Neosalpingostomy for distal tubal obstruction: Prognostic factors and impact of surgical technique

W. D. Schlaff, D. K. Hassiakos, M. D. Damewood, J. A. Rock

Research output: Contribution to journalArticle

Abstract

We reviewed the clinical records of all women who underwent microsurgical terminal neosalpingostomy for distal tubal obstruction between January 1983 and June 1988. We identified 95 women whose preoperative evaluation revealed no other contributory factors for infertility and analyzed their pregnancy outcome after this procedure. Pregnancy success was inversely related to the extent of tubal distortion (dilation, rugal integrity, and status of the fimbria) and degree of adnexal adhesions. Using our classification system for distal tubal obstruction, patients with mild disease had an 80% pregnancy rate, whereas patients with moderate and severe disease had a 31% and 16% success rate, respectively. We found no statistically significant difference in pregnancy outcome when we compared this series with our previous group, reported in 1978, where contemporary microsurgical technique was not used. Although we feel that optimal surgical technique is important to maximize success, we conclude that the most important prognostic factor in pregnancy outcome after neosalpingostomy for distal tubal disease is the anatomical and functional integrity of the tube.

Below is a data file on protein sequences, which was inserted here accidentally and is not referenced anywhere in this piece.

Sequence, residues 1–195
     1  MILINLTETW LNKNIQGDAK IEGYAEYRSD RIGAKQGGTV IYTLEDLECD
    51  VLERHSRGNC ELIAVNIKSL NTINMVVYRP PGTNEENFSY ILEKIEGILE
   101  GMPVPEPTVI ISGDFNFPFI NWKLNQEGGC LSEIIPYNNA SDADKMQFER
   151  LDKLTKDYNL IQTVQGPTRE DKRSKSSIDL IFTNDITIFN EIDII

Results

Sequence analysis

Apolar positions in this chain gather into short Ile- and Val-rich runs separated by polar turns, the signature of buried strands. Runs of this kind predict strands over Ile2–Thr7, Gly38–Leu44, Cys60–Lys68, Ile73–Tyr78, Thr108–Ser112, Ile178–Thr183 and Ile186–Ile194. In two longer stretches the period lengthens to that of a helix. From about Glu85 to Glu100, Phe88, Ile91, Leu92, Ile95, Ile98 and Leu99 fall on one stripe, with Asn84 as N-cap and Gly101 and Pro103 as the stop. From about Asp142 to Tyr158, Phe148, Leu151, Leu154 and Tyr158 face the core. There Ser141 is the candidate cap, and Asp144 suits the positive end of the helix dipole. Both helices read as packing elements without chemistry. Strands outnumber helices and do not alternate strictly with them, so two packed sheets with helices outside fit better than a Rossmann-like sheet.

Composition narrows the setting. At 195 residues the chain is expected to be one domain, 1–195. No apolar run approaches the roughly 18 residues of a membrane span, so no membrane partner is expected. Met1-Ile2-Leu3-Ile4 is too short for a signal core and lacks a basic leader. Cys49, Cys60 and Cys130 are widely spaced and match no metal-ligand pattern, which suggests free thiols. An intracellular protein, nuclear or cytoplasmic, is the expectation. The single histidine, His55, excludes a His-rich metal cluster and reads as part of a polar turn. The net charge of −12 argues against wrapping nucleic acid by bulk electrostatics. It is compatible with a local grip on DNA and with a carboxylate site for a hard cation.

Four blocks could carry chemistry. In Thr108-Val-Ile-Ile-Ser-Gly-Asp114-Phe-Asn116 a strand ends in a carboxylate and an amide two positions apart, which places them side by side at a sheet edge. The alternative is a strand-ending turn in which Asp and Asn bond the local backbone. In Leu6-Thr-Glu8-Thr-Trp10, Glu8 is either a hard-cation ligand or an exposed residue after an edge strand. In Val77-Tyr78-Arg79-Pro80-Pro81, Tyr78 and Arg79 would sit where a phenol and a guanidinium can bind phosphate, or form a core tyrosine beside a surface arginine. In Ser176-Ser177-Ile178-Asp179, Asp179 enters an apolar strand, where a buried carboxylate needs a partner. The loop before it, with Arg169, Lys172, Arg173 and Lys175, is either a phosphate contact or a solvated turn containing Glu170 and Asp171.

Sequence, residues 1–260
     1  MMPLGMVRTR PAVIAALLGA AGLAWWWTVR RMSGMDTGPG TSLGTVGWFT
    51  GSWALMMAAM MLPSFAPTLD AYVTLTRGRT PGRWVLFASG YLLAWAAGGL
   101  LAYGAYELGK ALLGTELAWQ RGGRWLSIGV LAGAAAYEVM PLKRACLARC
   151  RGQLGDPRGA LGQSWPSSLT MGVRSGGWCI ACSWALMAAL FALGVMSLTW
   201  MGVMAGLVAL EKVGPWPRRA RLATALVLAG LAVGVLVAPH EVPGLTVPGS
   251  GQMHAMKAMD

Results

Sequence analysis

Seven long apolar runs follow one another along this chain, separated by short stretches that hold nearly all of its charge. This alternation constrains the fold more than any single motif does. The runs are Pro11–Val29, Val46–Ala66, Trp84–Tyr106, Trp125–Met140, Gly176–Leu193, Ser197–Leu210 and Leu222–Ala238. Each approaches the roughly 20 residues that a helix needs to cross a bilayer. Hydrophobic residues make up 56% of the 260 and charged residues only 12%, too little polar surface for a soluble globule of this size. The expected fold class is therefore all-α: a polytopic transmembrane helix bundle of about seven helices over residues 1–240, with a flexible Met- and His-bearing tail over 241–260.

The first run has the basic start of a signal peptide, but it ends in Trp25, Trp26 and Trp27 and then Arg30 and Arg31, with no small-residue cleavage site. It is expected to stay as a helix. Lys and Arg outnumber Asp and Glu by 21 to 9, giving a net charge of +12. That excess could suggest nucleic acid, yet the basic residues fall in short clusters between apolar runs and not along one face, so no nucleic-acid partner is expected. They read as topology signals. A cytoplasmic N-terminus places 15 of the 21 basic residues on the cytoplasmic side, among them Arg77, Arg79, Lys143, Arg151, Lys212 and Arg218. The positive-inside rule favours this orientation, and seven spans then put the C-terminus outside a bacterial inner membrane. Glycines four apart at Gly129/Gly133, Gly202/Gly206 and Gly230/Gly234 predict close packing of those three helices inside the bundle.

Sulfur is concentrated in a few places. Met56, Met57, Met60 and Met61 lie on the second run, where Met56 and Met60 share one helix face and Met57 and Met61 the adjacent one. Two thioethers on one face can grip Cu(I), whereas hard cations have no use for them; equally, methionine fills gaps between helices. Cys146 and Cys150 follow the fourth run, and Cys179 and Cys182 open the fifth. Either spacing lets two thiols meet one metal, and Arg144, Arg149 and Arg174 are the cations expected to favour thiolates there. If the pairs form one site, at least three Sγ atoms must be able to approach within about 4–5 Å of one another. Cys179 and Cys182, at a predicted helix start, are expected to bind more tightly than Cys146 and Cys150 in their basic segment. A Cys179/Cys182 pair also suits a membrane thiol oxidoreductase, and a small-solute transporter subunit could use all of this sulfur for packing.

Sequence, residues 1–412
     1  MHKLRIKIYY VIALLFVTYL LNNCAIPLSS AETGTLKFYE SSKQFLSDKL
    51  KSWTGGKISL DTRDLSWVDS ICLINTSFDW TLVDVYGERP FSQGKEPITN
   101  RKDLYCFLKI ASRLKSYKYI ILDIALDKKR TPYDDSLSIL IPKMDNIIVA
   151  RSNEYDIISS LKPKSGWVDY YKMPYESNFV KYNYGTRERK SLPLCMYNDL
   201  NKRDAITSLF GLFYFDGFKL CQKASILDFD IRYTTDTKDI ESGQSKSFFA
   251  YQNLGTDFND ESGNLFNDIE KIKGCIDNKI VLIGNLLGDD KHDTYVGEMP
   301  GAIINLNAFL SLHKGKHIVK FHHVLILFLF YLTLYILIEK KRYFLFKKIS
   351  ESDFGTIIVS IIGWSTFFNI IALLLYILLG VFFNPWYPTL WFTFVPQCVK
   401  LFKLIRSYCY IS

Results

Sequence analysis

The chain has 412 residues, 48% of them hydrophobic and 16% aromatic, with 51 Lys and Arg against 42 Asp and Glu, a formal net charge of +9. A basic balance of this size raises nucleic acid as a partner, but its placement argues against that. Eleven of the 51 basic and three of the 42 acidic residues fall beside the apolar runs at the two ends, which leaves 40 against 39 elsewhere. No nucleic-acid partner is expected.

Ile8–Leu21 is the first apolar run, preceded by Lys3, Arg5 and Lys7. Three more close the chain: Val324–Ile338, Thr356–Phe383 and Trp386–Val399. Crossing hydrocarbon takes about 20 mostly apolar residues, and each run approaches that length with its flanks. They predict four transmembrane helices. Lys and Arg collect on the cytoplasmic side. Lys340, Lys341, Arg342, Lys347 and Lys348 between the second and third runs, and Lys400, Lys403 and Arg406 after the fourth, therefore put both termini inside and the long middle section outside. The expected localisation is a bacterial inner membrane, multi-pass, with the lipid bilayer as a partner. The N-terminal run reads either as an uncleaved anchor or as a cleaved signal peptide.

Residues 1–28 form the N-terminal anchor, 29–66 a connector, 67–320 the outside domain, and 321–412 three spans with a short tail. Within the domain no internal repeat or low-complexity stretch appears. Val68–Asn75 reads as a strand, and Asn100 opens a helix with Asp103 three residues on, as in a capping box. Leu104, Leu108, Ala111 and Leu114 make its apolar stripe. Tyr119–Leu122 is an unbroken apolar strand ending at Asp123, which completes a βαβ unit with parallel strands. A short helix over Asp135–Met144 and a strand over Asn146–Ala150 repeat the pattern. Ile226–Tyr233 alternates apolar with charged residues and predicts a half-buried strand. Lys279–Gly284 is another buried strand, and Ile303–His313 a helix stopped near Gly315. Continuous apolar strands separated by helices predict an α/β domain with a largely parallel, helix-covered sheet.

Original languageEnglish (US)
Pages (from-to)984-990
Number of pages7
JournalFertility and sterility
Volume54
Issue number6
StatePublished - Jan 1 1990

ASJC Scopus subject areas

  • Reproductive Medicine
  • Obstetrics and Gynecology

Fingerprint Dive into the research topics of 'Neosalpingostomy for distal tubal obstruction: Prognostic factors and impact of surgical technique'. Together they form a unique fingerprint.

  • Cite this

    Schlaff, W. D., Hassiakos, D. K., Damewood, M. D., & Rock, J. A. (1990). Neosalpingostomy for distal tubal obstruction: Prognostic factors and impact of surgical technique. Fertility and sterility, 54(6), 984-990.